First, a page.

And that’s where the Splatoon series and its story mode ties in, in my mind. These games seem to be going back to the days of Super Mario Sunshine and exploring a divergent evolutionary path from the Mario series.
The most obvious change is in the central mechanics of each. Given that people complained about the mechanic of an advanced water gun strapped to Mario, Nintendo apparently decided it was worth separating out into its own game, where it could be fleshed out and played with more extensively and without disrupting the core of the Mario series. In turn, that became a game centered entirely around the mechanics of a Super Soaker-esque water gun and tank strapped to your back, albeit with the ammo changed to ink to fit in with the squid theming of the new game. And, thanks to focusing on this mechanic, the game instead veered more towards the third person shooter genre rather than the 3D platformer.
But it didn’t totally abandon those roots. The level design in story mode is heavily indebted to the same bonus stages that inspired Super Mario Galaxy, as a set of floating platforms suspended in some sort of void that need to be navigated, the main difference being that this time the challenges are a little less based on deft maneuvering and more based on the this-time-included gun mechanic.
And of course, there’s the overworld system. Both Splatoon games moved away from Super Mario Galaxy 2’s primarily-menu based navigation. Instead, there’s a central hub world of a city plaza serving as the menu for each game, with the story mode getting it’s own set of “mini-worlds” in which you navigate to different levels by finding grates to travel through, and completion of a set of levels opens up new “mini-hubs” with their own sets of levels, much like Super Mario 64’s castle with paintings for individual levels and different sections of the castle with new sets of paintings to travel to. And in the case of Splatoon 2 at least, you can see other points from where you stand; the main square is off in the distance, as are the other “mini-hubs”. It’s definitely reminiscent of Super Mario Sunshine’s set-up. It's still not quite on the level of Isle Delfino, which was set up to feel like a real place, while the hubs in Splatoon (outside of the main plaza) are still technically just floating blocks in space, but it's definitely moving back in that direction after a long time away from that design.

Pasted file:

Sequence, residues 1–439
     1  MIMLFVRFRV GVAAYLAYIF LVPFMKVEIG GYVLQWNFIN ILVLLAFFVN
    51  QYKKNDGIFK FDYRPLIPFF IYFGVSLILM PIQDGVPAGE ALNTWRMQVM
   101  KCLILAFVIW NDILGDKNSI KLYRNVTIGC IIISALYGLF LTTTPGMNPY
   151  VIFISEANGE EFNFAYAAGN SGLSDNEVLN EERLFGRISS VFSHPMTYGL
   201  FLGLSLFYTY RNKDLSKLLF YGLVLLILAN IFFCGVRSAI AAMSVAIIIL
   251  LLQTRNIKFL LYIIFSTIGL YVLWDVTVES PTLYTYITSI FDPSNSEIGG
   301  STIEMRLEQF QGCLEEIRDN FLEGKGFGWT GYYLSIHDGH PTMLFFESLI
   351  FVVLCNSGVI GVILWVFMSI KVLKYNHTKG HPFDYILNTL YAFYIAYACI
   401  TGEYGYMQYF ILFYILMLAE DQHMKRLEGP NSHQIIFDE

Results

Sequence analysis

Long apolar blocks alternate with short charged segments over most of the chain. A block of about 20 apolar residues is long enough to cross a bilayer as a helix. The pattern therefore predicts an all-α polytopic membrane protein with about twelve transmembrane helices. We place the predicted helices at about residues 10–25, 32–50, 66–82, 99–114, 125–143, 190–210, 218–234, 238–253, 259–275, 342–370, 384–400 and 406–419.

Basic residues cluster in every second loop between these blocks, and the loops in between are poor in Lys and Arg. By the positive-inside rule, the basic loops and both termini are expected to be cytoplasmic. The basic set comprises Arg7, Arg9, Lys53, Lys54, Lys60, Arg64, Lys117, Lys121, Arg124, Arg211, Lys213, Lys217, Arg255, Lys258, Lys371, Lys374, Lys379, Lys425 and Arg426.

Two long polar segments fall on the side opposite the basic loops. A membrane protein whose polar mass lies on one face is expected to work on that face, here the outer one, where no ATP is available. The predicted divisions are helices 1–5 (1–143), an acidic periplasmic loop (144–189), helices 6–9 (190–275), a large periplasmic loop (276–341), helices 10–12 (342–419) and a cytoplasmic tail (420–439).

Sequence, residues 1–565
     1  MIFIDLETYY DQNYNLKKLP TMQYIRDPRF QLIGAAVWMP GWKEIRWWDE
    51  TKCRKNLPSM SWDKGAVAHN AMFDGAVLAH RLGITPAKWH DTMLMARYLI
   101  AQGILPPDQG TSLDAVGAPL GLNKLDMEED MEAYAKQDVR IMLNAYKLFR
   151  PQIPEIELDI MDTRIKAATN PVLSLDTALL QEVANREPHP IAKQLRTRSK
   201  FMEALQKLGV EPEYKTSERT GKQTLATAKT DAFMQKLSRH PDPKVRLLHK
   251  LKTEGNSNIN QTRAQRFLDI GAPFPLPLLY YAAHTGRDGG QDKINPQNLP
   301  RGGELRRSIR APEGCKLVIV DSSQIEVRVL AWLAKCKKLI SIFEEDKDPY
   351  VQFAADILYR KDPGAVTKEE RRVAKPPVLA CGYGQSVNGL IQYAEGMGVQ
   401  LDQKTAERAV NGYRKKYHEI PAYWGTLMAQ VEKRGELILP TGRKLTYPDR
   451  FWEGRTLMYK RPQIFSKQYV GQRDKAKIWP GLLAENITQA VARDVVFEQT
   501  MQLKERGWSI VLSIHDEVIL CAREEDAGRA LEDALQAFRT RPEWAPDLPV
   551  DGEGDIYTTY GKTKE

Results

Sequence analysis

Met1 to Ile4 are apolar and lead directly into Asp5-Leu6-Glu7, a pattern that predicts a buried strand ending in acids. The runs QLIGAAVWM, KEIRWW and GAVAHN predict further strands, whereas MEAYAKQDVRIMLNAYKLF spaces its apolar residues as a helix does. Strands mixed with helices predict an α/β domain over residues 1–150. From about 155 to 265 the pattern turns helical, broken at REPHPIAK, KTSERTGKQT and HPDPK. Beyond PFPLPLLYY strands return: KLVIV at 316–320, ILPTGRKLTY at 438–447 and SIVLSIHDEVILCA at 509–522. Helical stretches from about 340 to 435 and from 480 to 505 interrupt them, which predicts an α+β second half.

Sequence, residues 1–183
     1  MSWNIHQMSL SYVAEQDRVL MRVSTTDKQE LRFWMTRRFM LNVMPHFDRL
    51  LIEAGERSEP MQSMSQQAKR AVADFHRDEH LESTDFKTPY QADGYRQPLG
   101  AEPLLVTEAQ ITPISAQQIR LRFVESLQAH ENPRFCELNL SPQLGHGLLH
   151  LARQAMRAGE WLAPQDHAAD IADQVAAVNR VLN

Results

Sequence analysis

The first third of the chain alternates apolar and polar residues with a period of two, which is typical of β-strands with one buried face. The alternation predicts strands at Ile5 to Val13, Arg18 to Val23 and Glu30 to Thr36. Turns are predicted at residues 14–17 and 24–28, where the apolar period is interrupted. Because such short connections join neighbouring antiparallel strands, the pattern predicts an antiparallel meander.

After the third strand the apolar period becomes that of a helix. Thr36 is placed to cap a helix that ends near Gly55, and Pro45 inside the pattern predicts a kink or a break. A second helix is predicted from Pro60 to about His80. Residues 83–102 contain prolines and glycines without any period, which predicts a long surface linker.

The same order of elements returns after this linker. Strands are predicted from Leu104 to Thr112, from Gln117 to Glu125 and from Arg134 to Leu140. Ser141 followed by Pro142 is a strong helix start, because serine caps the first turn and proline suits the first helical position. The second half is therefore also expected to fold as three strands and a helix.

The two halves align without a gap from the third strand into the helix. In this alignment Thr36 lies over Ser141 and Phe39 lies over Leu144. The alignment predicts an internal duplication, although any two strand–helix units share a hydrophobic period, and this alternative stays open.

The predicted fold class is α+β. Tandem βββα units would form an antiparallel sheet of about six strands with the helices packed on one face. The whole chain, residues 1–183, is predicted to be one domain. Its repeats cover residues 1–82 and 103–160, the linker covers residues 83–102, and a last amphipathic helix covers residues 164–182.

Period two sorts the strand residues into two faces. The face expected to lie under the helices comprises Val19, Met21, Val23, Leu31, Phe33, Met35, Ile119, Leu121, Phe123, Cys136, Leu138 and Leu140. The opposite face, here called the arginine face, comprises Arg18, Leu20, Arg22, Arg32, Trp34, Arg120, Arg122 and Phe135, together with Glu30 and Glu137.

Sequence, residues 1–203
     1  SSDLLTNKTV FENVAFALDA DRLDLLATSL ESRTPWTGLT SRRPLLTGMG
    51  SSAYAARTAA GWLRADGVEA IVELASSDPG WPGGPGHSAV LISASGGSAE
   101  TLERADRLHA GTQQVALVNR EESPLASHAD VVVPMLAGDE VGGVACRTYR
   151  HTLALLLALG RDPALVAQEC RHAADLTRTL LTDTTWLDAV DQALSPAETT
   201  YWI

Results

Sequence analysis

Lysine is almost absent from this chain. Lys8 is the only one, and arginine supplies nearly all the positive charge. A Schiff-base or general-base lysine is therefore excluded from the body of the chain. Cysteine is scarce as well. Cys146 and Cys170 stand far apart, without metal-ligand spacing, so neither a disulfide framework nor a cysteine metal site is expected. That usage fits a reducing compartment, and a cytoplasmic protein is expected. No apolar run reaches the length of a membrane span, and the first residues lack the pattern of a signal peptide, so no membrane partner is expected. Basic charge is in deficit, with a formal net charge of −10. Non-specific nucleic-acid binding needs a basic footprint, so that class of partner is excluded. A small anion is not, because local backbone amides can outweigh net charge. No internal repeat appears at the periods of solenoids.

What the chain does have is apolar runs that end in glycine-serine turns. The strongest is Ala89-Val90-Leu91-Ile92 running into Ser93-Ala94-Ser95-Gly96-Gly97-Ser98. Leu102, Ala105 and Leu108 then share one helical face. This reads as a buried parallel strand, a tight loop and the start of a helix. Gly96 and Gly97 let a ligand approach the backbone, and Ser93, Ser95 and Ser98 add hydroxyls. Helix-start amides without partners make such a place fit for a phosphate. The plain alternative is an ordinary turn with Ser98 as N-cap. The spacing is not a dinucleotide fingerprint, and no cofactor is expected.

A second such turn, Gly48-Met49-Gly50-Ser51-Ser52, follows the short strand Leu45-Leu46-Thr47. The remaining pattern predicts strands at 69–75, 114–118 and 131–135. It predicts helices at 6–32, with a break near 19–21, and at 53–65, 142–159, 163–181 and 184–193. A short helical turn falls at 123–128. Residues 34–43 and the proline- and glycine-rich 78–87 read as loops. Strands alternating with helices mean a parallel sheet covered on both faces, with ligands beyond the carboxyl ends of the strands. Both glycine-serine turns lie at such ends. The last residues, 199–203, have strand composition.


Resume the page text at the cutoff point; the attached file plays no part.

It’s worth noting that the Splatoon games may just be a preview of things to come for Nintendo. This fall, they’ll release Super Mario Odyssey on the Switch, and while we don’t know the exact specifics of how it will play, it looks like it might take the design of Sunshine a step further, with small worlds serving as both the individual levels of the old games and the hub worlds. So instead of one major central area with a bunch of different “spokes” coming off it, instead we may get several interconnected worlds that are both their own “hubs and spokes”, with their own missions and goals throughout.
If so, I couldn’t be more excited; it’s been a decade and a half since Super Mario Sunshine, and things like Splatoon 2 seem to indicate Nintendo is itching to return to their old ways. I can’t see what big ideas they can bring back to the 3D Platformer; I've missed seeing this genre push itself in new ways.